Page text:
MAYBE WE SHOULD BE MORE LIKE THESE BLACK MECACKS…
( CLICK THE TOP BLUE LINK, AND THEN THE PICTURE. )
THE ONLY THING I AM IN DISAGREEMENT WITH IS THE MALE-MALE THING.
Sponsored by the Jupiter Medical Center and Palm Beach North Chamber of Commerce
We had a wonderful day, you should try it! (Click here for video).
The Blue Heron is a drift fishing operation that hails from the Port of Palm Beach. It generally has two tours of fishing per day. This video is of ONE FUN AFTERNOON TOUR that my family, and I greatly joyed. The trips are four hours long, and as a general rule dinner is caught. We not only had fun, but enjoyed 2 dinners for four, one that night, and another at a later date.
Fish does not get any fresher than that.
And believe me, fresh caught fish does taste better than fish bought from the grocery. When fresh caught, fish do not have that odor that most people associate with fish. This is because that fishy smell is actually a bacteria that grows on fish rapidly once it is caught and is dead. Take a cruise on the Miss Blue Heron and see for yourself. It is great.
Music is: Daily Beetle by artist Kevin MacLeod
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|Working Title: OPS MASTER EQUIPMENT MECHANIC Broadband/Class Code: 49-9042-02 Position Number: 77907533-51404102 Annual Salary Range:$19.00 – $20.00 per hour Announcement Type: Open Competitive City: SAINT PETERSBURG Facility: FISH & WILDLIFE RESEARCH INSTITUTE Pay Grade/ Pay Band: BB004 Closing Date: 10/4/2015
Florida Fish and Wildlife Conservation Commission (FWC)
Fish and Wildlife Research Institute (FWRI)
Section: Research Operations – Facilities Management
This is a 40 hours per week OPS position.
The entry level knowledge, skills and abilities (KSAs) needed to perform job duties are:
Job Duties and Responsibilities:
Applicants are required to submit a complete, up-to-date, State of Florida Employment Application Form electronically in People First (http://peoplefirst.myflorida.com) by the closing date listed. Resumes and supporting documentation may be submitted at the same time you are applying online, faxed, or mailed to People First, but do not replace the requirement for a completed State of Florida Employment Application Form.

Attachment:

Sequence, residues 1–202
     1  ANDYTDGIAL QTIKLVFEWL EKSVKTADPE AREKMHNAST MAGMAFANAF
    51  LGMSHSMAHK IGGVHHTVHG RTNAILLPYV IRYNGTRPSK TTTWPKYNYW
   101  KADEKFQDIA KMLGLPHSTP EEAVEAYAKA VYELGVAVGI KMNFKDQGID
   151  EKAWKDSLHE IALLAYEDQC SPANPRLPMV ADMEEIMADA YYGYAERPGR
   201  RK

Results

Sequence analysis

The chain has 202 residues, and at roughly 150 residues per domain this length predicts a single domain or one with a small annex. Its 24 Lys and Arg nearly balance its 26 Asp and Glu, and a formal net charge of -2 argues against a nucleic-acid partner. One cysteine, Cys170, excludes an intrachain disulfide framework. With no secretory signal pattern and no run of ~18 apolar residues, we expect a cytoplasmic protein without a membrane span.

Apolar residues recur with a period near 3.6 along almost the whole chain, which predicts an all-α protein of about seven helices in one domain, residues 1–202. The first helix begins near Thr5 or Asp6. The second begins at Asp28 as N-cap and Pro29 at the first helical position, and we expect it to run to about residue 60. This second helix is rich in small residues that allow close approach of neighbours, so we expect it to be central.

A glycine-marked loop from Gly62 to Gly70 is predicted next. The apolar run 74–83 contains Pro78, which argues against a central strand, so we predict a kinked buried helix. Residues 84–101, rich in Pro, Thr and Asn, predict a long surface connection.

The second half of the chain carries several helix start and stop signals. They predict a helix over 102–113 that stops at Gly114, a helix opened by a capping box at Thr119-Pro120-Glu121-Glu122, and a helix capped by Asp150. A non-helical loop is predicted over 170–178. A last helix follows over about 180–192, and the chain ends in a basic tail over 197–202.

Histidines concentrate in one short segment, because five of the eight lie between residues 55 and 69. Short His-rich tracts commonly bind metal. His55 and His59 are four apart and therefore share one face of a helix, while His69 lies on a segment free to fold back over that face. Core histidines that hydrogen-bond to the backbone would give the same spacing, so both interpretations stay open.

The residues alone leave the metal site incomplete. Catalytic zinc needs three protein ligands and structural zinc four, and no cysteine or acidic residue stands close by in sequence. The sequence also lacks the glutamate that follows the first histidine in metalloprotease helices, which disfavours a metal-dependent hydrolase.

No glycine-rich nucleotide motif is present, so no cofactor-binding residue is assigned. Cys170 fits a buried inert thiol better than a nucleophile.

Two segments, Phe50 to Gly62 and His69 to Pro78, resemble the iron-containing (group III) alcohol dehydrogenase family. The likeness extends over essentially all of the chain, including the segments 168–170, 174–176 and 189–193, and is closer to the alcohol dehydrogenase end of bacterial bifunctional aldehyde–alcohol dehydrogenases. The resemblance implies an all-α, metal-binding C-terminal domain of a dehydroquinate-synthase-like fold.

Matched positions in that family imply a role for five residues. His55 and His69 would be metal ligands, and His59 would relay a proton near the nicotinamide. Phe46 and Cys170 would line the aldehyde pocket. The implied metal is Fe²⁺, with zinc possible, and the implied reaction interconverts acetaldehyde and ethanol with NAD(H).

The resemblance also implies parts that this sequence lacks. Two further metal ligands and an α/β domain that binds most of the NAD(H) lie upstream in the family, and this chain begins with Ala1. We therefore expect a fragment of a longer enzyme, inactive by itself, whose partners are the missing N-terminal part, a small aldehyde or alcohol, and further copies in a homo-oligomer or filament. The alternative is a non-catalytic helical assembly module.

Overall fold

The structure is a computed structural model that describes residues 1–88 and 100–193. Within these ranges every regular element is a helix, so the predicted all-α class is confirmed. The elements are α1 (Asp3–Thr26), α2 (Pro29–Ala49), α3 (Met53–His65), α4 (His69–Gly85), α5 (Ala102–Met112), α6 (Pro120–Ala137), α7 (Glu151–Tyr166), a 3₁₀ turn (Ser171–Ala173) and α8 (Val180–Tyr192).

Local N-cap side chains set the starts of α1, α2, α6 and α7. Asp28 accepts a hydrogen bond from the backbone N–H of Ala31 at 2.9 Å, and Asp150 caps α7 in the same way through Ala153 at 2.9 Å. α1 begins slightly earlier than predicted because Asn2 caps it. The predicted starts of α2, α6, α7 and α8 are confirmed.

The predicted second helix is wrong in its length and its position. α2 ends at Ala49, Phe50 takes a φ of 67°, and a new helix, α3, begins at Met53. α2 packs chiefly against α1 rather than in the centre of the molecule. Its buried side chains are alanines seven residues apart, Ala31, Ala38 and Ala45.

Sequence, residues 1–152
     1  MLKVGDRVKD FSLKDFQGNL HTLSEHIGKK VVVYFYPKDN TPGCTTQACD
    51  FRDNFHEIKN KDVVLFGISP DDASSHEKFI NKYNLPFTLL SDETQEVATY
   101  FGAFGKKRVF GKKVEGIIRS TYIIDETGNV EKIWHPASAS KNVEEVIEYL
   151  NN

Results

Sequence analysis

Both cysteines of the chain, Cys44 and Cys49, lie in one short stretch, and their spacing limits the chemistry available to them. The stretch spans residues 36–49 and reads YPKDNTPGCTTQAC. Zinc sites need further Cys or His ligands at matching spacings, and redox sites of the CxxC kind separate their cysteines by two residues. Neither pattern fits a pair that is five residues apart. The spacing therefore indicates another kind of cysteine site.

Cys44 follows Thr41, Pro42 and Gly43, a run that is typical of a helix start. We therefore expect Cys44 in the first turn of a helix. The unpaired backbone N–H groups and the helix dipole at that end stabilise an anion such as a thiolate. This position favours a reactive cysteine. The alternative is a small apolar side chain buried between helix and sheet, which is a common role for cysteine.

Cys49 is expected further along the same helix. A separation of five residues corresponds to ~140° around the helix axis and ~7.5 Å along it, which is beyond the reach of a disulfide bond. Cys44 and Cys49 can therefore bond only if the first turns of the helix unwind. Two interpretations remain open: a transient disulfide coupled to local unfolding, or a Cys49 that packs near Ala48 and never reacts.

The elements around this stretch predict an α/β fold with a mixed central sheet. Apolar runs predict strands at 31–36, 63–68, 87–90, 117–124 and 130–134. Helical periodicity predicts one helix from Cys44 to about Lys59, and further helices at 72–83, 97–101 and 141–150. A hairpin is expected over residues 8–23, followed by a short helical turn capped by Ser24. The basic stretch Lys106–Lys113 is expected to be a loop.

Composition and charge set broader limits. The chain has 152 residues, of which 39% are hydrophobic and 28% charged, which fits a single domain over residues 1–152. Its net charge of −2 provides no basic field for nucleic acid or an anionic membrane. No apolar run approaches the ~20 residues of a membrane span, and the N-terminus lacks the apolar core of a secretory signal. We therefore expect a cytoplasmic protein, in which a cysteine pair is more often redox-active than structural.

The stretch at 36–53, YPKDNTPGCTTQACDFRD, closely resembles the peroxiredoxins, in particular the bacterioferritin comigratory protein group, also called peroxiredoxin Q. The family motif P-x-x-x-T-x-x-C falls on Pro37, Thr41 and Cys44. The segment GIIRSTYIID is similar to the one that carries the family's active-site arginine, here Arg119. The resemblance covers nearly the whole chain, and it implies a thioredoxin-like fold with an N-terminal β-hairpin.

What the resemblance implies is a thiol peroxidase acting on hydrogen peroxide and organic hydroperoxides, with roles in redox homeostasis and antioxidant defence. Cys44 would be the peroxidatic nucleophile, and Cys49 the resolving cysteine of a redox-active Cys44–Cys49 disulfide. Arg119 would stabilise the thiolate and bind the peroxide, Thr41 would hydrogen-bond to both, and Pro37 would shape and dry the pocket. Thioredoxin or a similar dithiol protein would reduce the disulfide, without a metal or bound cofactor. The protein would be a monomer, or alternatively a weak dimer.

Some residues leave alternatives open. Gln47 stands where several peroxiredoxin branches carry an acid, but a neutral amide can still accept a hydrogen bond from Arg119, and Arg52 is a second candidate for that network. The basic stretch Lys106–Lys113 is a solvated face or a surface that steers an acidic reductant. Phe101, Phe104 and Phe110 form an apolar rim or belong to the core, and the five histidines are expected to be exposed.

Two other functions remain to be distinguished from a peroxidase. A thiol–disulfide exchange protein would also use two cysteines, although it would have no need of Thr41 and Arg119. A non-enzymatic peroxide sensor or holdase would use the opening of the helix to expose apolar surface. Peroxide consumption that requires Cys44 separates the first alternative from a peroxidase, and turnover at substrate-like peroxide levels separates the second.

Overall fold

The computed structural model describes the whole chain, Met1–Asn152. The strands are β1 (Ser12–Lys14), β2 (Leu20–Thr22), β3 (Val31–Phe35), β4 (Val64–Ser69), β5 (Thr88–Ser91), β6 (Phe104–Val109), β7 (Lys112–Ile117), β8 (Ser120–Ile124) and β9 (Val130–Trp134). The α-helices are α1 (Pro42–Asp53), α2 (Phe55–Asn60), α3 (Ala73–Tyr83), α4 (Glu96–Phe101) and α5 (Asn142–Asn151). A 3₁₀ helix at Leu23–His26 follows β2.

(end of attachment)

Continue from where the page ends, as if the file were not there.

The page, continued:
If you experience technical difficulties during the application process or when attaching documents, call People First staffing at 1-877-562-7287. If unable to attach supporting documents to your application, they may be faxed to the People First Service Center at 1-888-403-2110. Be sure to include the Requisition number for the position to which you are applying on each page of your faxed documents.
WHAT IS OPS EMPLOYMENT? Other Personal Services (OPS) employment is a temporary employer/employee relationship used solely for accomplishing short term or intermittent tasks. OPS employees do not fill established positions and may not be assigned the duties of any vacant authorized position. OPS employees are at-will employees and are subject to actions such as pay changes, changes to work assignment, and terminations at the pleasure of the agency head or designee.
WHAT BENEFITS ARE APPLICABLE TO OPS EMPLOYEES?
WHAT BENEFITS ARE NOT APPLICABLE TO OPS EMPLOYEES?
The State of Florida is an Equal Opportunity Employer/Affirmative Action Employer and does not tolerate discrimination or violence in the workplace.
Applicants requiring a reasonable accommodation, as defined by the Americans with Disabilities Act, must notify the agency hiring authority and/or the People First Service Center (1-877-562-7287). Notification to the hiring authority must be made in advance to allow sufficient time to provide the accommodation.
The State of Florida supports a Drug-Free workplace. All employees are subject to reasonable suspicion drug testing in accordance with Section 112.0455, F.S., Drug-Free Workplace Act.